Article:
Uber and Lyft have seemingly abandoned all efforts to provide an accurate pickup time.
My (Now Typical) Experience, And Yours Too
After hailing the rideshare, Uber or Lyft – it really doesn’t matter at this point – standing outside in the cold or the rain or the snow, rideshares roll by but not mine. I check the map, still four minutes away but my driver stopped making progress. I go to cancel but I receive a notice that I’ll be charged if I do, they are nearly to me, do I want to wait a bit longer instead?
Sure. Let’s do that.
Another five minutes rolls by but not my car service.
I click to cancel again, same warning, I follow through but the app asks me why I might want to cancel. “Driver is not making progress” so I am offered an opportunity to call my Uber. Yes, let’s just see if there’s a problem that will be resolved soon, maybe something is blocking the road.
Hold up, Faud doesn’t like to talk on the phone, he prefers to text (which is interesting because a notice appeared that he will be recording the audio from our ride and that I should be aware of it.)
I text. Nothing back. Damn your preferences, Faud, I’ve been stood here now going on 20 minutes while you’re four, no wait, three minutes away with no movement from your car.
There’s no answer, I’m cancelling for good.
I had tried Lyft before, and the experience was the ultimate in bait and switch. Here’s an attractive price, your driver will have you home in 25 minutes. Fair enough. I am instructed to wait 1-7 minutes for my driver to be selected. I’m cruising through the terminal heading to the commercial curb, 1-5 minutes, 1-4 minutes… then congratulations (mental confetti is tossed like flowers before the path of an arriving king) your driver is… 20 minutes away.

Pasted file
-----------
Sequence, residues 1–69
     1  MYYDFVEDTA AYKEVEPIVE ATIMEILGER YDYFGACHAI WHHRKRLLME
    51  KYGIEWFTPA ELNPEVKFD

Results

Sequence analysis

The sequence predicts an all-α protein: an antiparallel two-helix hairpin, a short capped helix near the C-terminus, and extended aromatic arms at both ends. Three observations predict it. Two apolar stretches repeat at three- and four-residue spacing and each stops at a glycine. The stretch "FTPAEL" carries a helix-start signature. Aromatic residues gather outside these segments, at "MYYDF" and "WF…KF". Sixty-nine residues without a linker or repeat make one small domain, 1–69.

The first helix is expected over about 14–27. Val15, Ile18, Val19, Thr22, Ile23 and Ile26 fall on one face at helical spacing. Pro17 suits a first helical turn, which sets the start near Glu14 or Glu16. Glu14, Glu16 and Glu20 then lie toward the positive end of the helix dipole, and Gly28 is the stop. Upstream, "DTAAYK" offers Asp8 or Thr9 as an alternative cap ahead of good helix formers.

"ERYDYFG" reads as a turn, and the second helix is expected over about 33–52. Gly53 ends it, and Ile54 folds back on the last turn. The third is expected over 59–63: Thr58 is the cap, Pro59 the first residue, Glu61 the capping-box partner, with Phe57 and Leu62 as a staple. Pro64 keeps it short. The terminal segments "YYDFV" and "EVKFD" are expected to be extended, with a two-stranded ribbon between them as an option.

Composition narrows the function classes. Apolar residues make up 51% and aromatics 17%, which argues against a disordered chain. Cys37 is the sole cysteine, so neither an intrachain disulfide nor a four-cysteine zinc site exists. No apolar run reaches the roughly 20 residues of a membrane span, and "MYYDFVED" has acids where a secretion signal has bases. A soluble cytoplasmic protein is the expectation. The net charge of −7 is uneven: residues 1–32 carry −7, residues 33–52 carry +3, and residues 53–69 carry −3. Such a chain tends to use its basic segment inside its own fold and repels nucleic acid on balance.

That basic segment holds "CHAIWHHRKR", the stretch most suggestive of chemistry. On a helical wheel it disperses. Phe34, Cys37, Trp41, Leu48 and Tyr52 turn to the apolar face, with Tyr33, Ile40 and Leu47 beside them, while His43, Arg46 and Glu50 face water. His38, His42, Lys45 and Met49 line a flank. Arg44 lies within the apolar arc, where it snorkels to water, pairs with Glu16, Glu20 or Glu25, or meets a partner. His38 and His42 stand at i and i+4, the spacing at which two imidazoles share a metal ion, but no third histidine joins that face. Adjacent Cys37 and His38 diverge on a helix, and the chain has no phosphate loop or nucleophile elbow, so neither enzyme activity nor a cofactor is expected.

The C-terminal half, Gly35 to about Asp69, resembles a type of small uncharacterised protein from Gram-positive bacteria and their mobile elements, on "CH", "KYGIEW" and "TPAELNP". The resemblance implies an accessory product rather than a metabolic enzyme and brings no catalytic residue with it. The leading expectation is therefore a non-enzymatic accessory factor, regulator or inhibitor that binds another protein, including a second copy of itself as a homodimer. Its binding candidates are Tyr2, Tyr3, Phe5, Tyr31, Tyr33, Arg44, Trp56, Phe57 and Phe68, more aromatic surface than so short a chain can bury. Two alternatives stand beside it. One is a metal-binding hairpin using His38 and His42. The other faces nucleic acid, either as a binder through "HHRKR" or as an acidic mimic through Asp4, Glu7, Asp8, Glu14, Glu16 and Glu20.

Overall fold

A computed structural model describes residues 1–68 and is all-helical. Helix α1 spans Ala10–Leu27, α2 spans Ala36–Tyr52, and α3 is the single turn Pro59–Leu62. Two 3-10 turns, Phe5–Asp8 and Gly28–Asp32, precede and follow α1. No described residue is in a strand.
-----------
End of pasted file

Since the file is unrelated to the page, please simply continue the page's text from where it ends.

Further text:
Because the driver is too far away.
“Are you sure? We are going to charge you since this driver [who is on the other side of town] has already [moved heaven and earth to make] his way to you.”
Pickup Time Does Not Update
Uber and Lyft appeared to have completely abandoned all honesty and attempts for accuracy in their pickup windows and progression. You’re telling me we have AI that can now, in real time, translate almost any language under the sun, generate custom business plans, predict price changes – but it can’t accurately update an arrival time. It can’t see that the driver hasn’t moved and though they may only be three minutes away if they choose to drive but after 15 minutes, maybe the company should reach out to see why they haven’t?
At this point, it’s a choice. No, it’s a tactic. As long as it’s only three minutes away, and knowing that there’s a penalty for cancelling, I’m not going to cancel, try Lyft or hail a cab.
The purpose of Uber, as we know it today (well beyond the utilization of solely black cars in New York City), was to create transparency over taxis, rate drivers and riders alike to create accountability, lower prices when the market is sparse, and compensate drivers with a premium when cars are in short supply.
But that’s not what this is anymore.
There’s No Penalty For Drivers